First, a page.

A day after the US presidential election, the country withdrew from the Paris Agreement as scheduled months earlier. TRT World takes a look at what happens next.

On November 4, 2020, the United States officially withdrew from the Paris agreement. World Wildlife Fund (WWF) President and CEO Carter Roberts had this to say: “Even so, across the country, a coalition of states, cities, businesses, universities, faith organizations, tribes, and other actors have come together to say ‘we are still in.’”

“They represent more than half of the US population and nearly two-thirds of the US economy,” Roberts says in a statement. “They are doing their part to cut emissions, but they can’t meet America’s commitment alone. Eventually, the federal government needs to lead the charge. That’s why we will continue to urge the president – whoever that turns out to be – to rejoin the Paris Agreement and enhance US ambition. In the meantime the We Are Still In coalition will continue to drive progress and set the stage for federal re-engagement.”

The We Are Still In declaration was first released on June 5, 2017, stating that, “more than 3,800 leaders from America’s city halls, state houses, boardrooms and college campuses, representing more than 155 million Americans and $9 trillion of the U.S. economy have signed the We Are Still In declaration. Hundreds more have signed similar declarations in support of climate action.”

The signatories of the We Are Still In declaration comprise “red [Republican] and blue [Democratic] regions across 50 states,” demonstrating “America’s enduring commitment to delivering on the promise of the Paris Agreement and America’s contribution to it.”

According to the website, “To date, ‘We Are Still In’ is the largest cross section of the American economy yet assembled in pursuit of climate action.”

The open letter addressed to the international community and parties to the Paris Agreement from signatories of the We Are Still In declaration (“US State, tribal, local, and business leaders”) declares that the signatories are coming together “to support climate action to meet the Paris Agreement.”

Presidential contender Joe Biden has announced that the US will rejoin the Paris Agreement if he is elected.

The Paris Agreement was signed in 2015 by 195 countries and the European Union “to strengthen the global response to the threat of climate change by keeping a global temperature rise this century well below 2 degrees Celsius above pre-industrial levels and to pursue efforts to limit the temperature increase even further to 1.5 degrees Celsius.”

According to the WWF, “the landmark agreement succeeded where past attempts failed because it allowed each country to set its own emission reduction targets and adopt its own strategies for reaching them. In addition, nations—inspired by the actions of local and regional governments, businesses and others—came to recognize that fighting climate change brings significant socio-economic benefits.”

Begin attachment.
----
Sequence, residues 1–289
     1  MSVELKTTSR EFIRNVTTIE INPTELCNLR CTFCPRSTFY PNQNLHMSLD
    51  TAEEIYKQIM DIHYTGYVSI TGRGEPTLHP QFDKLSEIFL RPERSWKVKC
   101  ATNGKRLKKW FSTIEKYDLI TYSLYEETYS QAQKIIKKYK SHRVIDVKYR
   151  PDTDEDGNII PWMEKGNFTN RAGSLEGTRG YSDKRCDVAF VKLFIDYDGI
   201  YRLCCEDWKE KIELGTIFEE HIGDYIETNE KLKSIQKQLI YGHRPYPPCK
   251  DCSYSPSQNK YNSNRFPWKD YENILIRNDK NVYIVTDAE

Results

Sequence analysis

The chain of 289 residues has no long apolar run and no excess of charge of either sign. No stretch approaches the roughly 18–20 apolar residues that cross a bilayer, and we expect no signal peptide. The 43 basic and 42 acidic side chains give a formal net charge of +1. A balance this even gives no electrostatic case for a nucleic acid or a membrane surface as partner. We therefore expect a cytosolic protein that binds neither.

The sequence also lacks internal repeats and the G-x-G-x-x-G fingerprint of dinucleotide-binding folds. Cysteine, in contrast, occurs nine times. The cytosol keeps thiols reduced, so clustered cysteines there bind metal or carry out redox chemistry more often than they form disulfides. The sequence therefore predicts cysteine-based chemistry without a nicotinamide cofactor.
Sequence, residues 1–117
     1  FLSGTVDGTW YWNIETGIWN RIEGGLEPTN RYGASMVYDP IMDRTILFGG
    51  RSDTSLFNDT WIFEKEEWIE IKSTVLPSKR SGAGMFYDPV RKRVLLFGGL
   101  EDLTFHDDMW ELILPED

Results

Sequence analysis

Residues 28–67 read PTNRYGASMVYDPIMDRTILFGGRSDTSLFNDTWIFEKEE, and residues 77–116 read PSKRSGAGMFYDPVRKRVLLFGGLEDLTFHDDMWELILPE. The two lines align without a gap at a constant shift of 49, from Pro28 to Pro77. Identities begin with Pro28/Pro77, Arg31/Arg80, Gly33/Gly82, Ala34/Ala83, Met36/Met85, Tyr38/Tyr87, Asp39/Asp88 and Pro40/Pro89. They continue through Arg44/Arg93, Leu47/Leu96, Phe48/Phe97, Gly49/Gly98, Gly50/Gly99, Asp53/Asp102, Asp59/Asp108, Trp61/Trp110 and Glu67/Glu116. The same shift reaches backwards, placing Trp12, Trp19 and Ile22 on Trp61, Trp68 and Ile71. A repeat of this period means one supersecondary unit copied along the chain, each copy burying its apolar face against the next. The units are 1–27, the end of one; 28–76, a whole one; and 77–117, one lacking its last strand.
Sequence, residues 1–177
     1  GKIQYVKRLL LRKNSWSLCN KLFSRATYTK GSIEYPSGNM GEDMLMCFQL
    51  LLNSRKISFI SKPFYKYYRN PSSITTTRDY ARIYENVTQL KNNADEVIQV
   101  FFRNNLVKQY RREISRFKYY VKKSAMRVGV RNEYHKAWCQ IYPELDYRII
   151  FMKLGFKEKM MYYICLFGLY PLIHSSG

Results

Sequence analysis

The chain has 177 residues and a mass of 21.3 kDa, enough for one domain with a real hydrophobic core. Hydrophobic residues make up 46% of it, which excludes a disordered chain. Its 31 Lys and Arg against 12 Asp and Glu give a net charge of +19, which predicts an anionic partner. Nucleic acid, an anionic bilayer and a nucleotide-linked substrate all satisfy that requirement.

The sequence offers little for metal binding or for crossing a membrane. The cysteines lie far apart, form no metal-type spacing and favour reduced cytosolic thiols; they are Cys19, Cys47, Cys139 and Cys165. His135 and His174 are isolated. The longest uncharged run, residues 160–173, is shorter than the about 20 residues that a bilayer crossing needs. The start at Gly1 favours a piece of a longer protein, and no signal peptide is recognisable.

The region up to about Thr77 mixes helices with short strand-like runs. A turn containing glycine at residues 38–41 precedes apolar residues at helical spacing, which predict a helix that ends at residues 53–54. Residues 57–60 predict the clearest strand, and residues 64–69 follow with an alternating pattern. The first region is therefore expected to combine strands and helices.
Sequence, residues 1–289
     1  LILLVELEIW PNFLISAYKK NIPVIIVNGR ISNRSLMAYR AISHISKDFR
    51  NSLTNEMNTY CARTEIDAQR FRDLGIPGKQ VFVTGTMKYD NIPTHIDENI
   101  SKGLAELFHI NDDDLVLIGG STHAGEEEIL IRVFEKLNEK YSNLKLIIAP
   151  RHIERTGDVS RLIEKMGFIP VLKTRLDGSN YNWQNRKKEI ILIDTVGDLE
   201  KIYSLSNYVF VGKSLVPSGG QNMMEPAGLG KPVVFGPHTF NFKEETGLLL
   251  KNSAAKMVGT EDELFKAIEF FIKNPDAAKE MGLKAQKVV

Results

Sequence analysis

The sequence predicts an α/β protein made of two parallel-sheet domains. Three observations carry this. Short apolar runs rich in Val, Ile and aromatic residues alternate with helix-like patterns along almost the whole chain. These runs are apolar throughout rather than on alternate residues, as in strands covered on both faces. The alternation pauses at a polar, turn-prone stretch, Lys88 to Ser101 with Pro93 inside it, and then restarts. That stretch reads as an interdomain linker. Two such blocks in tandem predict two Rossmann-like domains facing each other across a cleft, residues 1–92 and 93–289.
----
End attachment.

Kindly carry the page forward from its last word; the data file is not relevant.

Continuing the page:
As WWF notes, “stopping the climate crisis is critical to our collective wellbeing, but no single country can stop the damage alone.”

A TRT World article from 2019 states “The terms of the deal say no country can withdraw in the first three years. So Monday [November 4, 2019] is the first time the US could actually start the withdrawal process, which begins with a letter to the United Nations. And it doesn't become official for a year after that, which leads to the day after the election.”

According to the same article, “If someone other than Trump wins in 2020, the next president could get back in the deal in just 30 days and plan to cut carbon pollution, said Andrew Light, a former Obama State Department climate negotiator now at the nonprofit World Resources Institute.”

The US is the second biggest polluter in the world, after China. According to the WWF, the US was “instrumental in the design and negotiation of the Paris Agreement and signed on to it in 2015. As one of its signatories, the US submitted a pledge to cut emissions by 26%-28% relative to 1990 levels by 2025.”

“In 2017, however, the federal government announced its intent to withdraw from the agreement after a new administration took office and on Nov. 4, 2020, the United States became the only nation to withdraw.”

Thumbnail file photo: COP25 High Level Climate Champion Gonzalo Munoz holds the copy of The Paris Agreement as he poses with Britain's former Minister of State for Energy and Clean Growth and then newly appointed COP26 President, Claire Perry, Italian Environment Minister Sergio Costa and Spanish State Secretary of Environment Hugo Moran (not pictured) during the UN Climate Change Conference (COP25) in Madrid, Spain December 13, 2019. REUTERS/Susana Vera

Headline file photo: The then US Secretary of State John Kerry holds his two-year-old granddaughter Isabelle Dobbs-Higginson as he signs the Paris Agreement on climate change at United Nations Headquarters in Manhattan, New York, US, April 22, 2016. REUTERS/Carlo Allegri

Source: TRT World